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CFL interceptions leader Peters set to return to Argonauts secondary

TORONTO — Being out one week was one week too much for cornerback Jamal Peters. Peters, who leads the CFL in interceptions (six) will return to the secondary Saturday when Toronto (8-6) hosts the B.C. Lions (10-4) at BMO Field.
Toronto Argonauts defensive back Jamal Peters (3) celebrates after scoring a touchdown by intercepting a pass by Hamilton Tiger-Cats quarterback Dane Evans (9), during second half CFL football action in Toronto, on Friday, August 26, 2022.THE CANADIAN PRESS/Christopher Katsarov

TORONTO — Being out one week was one week too much for cornerback Jamal Peters.

Peters, who leads the CFL in interceptions (six) will return to the secondary Saturday when Toronto (8-6) hosts the B.C. Lions (10-4) at BMO Field. Peters missed the Argos' 29-2 road loss to Calgary last week with a head injury.

"It was difficult (being out)," Peters said following Toronto's practice Wednesday. "We've still got games left but I didn't want to miss a game.

"I was still learning, still out there as if I was in the game taking mental reps. But I'm just glad to be back and out with my teammates. It's just a great feeling."

The six-foot-two, 220-pound Peters has done a lot more than just pick off passes for Toronto. He has also amassed 48 tackles and a sack in his second season with the Argos.

And halfback Maurice Carnell IV is also expected to suit up against B.C. He has been limited in practice this week with a knee ailment.

"It's good to have Jamal back," Toronto head coach Ryan Dinwiddie said. "The ball finds him, he makes turnovers.

"You put him and Carnell on the boundary, that's a pretty darn good boundary and that's going to open up some opportunities for the guys on the field to make some plays. They're a dominant pair."

Carnell has registered 24 tackles, four interceptions and a sack in his first season with Toronto.

"The chemistry he (Carnell) and I have built, it's just good to have him back," Peters said. "We want to get back clicking the way we were the past few games."

The Lions also have players on the limp. That includes receiver Lucky Whitehead (73 catches, 966 yards, three TDs), who missed a second straight practice Wednesday with an ankle injury.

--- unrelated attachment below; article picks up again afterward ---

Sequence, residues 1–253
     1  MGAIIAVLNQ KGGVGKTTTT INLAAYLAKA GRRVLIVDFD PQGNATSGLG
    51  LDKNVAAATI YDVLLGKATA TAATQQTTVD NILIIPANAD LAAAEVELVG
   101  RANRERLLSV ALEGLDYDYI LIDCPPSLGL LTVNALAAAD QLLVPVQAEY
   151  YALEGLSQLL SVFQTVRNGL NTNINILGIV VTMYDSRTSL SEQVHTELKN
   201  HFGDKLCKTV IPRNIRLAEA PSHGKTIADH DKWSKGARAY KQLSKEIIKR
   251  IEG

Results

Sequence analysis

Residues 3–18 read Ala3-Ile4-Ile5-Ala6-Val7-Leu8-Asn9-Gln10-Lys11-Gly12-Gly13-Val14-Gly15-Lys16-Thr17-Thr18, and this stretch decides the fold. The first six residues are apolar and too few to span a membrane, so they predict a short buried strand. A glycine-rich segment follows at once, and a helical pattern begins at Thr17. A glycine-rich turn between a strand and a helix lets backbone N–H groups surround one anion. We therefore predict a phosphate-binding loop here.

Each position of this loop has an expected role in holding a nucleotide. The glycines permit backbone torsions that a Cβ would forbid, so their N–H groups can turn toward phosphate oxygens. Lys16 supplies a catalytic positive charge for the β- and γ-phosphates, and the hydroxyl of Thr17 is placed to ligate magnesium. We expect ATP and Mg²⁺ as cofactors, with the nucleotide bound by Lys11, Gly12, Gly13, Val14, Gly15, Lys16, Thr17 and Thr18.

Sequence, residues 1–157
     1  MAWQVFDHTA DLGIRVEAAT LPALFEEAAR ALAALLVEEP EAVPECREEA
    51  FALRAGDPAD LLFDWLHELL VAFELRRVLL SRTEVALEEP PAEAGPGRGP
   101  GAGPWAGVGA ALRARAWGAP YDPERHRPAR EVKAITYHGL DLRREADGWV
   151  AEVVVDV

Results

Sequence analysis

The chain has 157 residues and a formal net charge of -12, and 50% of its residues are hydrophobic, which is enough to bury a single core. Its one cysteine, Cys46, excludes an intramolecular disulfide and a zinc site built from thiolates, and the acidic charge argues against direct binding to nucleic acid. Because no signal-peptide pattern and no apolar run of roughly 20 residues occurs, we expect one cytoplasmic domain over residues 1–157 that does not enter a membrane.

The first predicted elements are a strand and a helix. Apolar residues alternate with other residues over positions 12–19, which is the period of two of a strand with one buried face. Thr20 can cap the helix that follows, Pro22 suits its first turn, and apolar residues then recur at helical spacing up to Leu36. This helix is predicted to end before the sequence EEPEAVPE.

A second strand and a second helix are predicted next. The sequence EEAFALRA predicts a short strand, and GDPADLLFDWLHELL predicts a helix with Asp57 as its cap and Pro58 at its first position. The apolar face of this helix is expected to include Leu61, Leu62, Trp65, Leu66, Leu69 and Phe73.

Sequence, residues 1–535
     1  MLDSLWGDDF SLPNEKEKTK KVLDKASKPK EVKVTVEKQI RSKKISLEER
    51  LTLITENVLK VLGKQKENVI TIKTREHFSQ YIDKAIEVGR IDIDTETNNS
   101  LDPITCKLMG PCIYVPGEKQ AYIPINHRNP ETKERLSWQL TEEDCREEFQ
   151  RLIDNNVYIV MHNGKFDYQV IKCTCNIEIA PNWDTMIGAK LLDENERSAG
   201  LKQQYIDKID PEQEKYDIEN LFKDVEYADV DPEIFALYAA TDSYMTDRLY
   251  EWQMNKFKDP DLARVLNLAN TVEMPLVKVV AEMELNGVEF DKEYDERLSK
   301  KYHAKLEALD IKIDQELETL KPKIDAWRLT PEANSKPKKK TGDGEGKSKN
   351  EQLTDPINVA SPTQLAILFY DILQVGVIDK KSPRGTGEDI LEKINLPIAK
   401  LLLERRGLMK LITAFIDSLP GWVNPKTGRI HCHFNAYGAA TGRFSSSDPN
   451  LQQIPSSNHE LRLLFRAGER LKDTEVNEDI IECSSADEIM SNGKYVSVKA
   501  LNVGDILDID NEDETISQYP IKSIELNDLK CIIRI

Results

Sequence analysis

Toronto enters weekend action atop the East Division standings, two points ahead of Montreal (7-7). After hosting B.C., the Argos will travel to Edmonton before finishing their regular season with a home-and-home series versus the Alouettes.

Toronto has already clinched a playoff berth. But the advantage of finishing first in the East is not only advancing directly to the division final, but hosting it Nov. 13.

However, the Argos will have to make their late-season push minus defensive end Shane Ray (season-ending torn biceps). The six-foot-three, 245-pound Ray had 13 tackles, six sacks and two forced fumbles in 13 games this season.

And Toronto will be without linebacker Wynton McManis (knee) for four-to-six weeks. The six-foot-one, 225-pound McManis has registered 88 tackles, seven special-teams tackles, three sacks, two interceptions and a forced fumble in 14 games (all starts) this year.

He also combined with veterans Henoc Muamba and Chris Edwards to give Toronto a solid linebacking corps.

"It's really unfortunate about Shane because he was playing so well," Dinwiddie said. "We're hoping maybe the last game for Wynton.

"That might be wishful thinking but we're hoping and he's attacking the rehab. He's a difference-maker so we're going to be missing him for a few weeks"

Also among Toronto's walking wounded are defensive back DaShaun Amos (ankle) and receivers DaVaris Daniels (hip) and Damonte Coxie (foot). All three haven't practised yet this week.

But linebacker Trevor Hoyte (shoulder) was a full participant Wednesday.

"It's hard losing special guys like Wynton and Shane," Peters said. "At the end of the day it's life and we can't control it.

"We're just going to try to do what we have to do and keep that same energy we have every time we take to the field."

This report by The Canadian Press was first published Oct. 5, 2022.

Dan Ralph, The Canadian Press

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